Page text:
sankey diagram of mental disorder associations
Sankey diagram available in the interactive data visualization website. The diagram that shows the significant associations between all possible pairs of mental disorders. The site allows users to select male and/or female sex, or to show associations with a magnitude of effect larger than a certain threshold.

Source: Plana-Ripoll O, Pedersen CB, Holtz Y, et al. Exploring Comorbidity Within Mental Disorders Among a Danish National Population. JAMA Psychiatry. Published online January 16, 2019. doi:10.1001/jamapsychiatry.2018.3658;

News • Comorbidity

Mapping out the relationship between mental disorders

Half of those who develop a severe mental disorder such as depression prior to the age 20, will also develop an anxiety disorder within the next 15 years. This is just one of the many results on the relationship between various mental disorders mapped out.

The new research from the National Centre for Register-based Research at Aarhus BSS is the first of its kind to offer a comprehensive description of the risks of double diagnosis within the ten major groups of mental disorders - also called comorbidity. Based on register data from 5.9 million people living in Denmark from 2000 to 2016, the study is the most detailed study of comorbidity ever conducted in the field of mental health. The results have just been published in JAMA Psychiatry, which is one of the world's most prestigious scientific journals in the field of psychiatry. The researchers have also developed an interactive webpage that offers professionals and the general public access to examine the risks of double diagnoses according to age, sex and type of mental disorder.

"This is the first study to provide a comprehensive description of all possible associations between pairs of mental disorders using national registers available for a whole population. We knew from previous smaller studies that some types of disorder tended to occur together. But now we can confirm that comorbidity is the rule, not the exception. Those who receive a diagnosis of a specific major mental disorder are more likely to receive diagnoses for all other types of mental disorders," says Oleguer Plana-Ripoll, who is a postdoctoral researcher at the National Centre for Register-based Research at Aarhus BSS and the main author of the study.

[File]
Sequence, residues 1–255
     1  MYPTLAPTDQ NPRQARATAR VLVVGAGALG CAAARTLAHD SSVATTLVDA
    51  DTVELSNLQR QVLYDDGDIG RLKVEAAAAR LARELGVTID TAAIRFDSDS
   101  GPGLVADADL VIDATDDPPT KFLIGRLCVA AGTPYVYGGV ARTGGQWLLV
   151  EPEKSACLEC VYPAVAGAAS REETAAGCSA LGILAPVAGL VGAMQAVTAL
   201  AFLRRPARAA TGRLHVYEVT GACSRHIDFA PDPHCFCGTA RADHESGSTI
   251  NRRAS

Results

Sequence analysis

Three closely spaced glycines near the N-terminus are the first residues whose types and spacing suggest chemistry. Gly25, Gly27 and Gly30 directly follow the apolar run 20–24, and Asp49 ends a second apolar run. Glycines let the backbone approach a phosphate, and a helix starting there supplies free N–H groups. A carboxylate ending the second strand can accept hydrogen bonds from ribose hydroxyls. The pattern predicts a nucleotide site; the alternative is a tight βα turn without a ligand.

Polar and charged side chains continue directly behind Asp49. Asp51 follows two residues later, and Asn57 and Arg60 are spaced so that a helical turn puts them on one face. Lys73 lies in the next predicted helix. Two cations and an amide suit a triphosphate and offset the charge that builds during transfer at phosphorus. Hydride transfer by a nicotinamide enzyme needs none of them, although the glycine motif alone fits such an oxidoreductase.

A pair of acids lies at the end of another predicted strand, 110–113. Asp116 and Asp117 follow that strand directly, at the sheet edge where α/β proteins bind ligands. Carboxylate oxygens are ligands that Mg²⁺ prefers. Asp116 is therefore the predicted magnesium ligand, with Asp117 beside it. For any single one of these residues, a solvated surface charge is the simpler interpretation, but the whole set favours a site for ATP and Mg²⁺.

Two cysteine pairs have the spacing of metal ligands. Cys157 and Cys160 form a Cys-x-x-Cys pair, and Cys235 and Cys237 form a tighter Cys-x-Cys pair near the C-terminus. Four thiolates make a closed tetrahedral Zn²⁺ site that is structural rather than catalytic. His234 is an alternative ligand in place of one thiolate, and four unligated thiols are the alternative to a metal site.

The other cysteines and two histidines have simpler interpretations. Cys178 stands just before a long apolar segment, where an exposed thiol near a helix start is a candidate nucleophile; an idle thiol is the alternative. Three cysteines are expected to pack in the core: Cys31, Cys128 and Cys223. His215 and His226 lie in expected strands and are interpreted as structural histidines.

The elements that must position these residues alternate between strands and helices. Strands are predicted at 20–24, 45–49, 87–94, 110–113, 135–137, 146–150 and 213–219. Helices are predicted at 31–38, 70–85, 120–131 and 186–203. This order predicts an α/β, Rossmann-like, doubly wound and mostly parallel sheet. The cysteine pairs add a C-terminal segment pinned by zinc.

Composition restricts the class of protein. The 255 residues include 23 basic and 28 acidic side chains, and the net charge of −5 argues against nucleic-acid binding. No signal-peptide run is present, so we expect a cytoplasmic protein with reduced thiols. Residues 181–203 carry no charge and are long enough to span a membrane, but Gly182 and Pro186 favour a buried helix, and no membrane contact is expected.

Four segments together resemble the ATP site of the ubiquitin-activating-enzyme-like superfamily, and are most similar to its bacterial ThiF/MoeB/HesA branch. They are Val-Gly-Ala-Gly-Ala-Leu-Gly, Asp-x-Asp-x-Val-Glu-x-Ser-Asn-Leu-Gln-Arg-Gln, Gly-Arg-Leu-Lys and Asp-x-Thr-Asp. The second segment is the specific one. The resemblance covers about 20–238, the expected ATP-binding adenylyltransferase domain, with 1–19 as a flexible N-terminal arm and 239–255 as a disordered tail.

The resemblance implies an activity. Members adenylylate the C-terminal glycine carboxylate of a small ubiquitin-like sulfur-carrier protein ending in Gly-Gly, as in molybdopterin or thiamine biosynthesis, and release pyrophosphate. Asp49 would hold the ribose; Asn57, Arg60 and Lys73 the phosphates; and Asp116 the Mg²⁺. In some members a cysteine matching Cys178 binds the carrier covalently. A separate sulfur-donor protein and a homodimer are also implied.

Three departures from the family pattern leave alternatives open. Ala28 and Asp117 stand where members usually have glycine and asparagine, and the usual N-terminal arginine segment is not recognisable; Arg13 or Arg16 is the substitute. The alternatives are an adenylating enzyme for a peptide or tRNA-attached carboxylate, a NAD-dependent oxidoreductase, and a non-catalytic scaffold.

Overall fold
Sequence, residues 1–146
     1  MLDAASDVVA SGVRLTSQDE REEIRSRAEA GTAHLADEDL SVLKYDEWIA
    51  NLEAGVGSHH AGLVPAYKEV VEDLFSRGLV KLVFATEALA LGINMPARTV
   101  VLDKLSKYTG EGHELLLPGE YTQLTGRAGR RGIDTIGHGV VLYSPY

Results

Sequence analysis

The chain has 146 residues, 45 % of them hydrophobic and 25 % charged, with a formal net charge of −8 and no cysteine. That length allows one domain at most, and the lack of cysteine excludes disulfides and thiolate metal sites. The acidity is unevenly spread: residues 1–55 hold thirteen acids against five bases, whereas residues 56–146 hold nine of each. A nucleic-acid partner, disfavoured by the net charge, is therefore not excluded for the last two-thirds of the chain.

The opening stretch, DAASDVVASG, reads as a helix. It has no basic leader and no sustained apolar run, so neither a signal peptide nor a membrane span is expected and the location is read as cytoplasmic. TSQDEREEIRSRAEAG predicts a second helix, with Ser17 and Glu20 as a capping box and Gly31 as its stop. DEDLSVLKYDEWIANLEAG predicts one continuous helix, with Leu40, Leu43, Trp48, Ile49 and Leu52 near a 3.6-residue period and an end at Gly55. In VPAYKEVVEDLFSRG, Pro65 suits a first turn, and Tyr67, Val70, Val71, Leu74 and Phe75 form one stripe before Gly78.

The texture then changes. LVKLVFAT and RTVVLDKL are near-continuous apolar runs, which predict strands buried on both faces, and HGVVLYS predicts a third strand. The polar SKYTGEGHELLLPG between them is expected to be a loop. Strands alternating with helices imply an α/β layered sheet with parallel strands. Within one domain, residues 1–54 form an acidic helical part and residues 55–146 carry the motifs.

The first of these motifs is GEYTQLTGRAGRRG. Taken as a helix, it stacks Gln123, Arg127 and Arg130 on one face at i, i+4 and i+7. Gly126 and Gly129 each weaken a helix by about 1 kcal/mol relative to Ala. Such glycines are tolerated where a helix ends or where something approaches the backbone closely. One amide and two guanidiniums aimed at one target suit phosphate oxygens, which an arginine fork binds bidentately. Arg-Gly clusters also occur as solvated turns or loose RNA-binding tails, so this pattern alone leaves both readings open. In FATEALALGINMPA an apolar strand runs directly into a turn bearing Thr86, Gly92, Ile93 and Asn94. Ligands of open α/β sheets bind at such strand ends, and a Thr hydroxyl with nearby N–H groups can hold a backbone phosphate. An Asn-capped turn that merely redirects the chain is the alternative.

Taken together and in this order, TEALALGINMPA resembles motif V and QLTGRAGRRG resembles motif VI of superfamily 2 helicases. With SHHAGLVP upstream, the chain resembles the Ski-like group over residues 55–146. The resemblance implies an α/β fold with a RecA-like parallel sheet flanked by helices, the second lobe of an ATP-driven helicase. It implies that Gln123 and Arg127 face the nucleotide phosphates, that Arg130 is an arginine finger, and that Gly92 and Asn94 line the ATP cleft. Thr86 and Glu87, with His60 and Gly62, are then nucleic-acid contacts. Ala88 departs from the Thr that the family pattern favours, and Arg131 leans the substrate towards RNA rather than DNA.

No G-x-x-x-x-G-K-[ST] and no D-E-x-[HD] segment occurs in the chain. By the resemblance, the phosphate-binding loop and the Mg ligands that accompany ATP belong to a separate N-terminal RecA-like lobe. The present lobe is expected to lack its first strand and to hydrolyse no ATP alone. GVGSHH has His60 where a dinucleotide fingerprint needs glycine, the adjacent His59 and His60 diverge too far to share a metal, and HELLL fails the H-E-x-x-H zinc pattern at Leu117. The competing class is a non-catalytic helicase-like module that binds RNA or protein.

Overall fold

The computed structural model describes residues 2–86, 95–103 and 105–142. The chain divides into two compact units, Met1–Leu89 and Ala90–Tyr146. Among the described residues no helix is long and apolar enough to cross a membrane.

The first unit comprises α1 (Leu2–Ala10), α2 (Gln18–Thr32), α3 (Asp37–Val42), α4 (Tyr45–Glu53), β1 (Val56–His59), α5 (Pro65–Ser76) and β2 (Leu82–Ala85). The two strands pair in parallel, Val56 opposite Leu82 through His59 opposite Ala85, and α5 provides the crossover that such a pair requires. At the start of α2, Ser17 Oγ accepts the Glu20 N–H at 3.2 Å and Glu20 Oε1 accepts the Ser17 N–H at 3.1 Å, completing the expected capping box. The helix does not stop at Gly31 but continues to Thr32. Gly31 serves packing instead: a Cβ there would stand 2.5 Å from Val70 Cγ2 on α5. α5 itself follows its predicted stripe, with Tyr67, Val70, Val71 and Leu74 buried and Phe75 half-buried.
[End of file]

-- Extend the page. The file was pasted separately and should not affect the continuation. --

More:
In the study, the researchers uncovered how different types of mental disorders accumulate across a lifespan. Due to the size of the study, the researchers were able to measure the absolute risks of people developing more than one mental disorder later in life. The study showed that people who are diagnosed with one mental disorder are not only more likely to be diagnosed with other mental disorders, but also that this risk persists for many years after the first diagnosis.

We want to 'democratice' the results so that they are more widely understood by clinicians and people with mental disorders and their caregivers

John McGrath

The study partly originates from the national psychiatric project, iPSYCH, and partly the Niels Bohr Professorship research programme at Aarhus University, which is led by Professor John McGrath and explores new innovative methods related to psychiatric epidemiology. "It is a large and comprehensive study that provides never-before-seen details of the relationship between the different mental disorders. We have provided the field with fine-grain details - for example that the risk of developing more than one mental disorder is not constant over time," says Oleguer Plana-Ripoll.

In addition to the scientific publication, all the results of the study are available on an interactive webpage that can be used by physicians and the general public. "We want to 'democratice' the results so that they are more widely understood by clinicians and people with mental disorders and their caregivers. We hope that this new information will help the clinicians to monitor the development of mental disorders. This is especially important for people who develop a mental disorder when they are young," says John McGrath.

Source: Aarhus University


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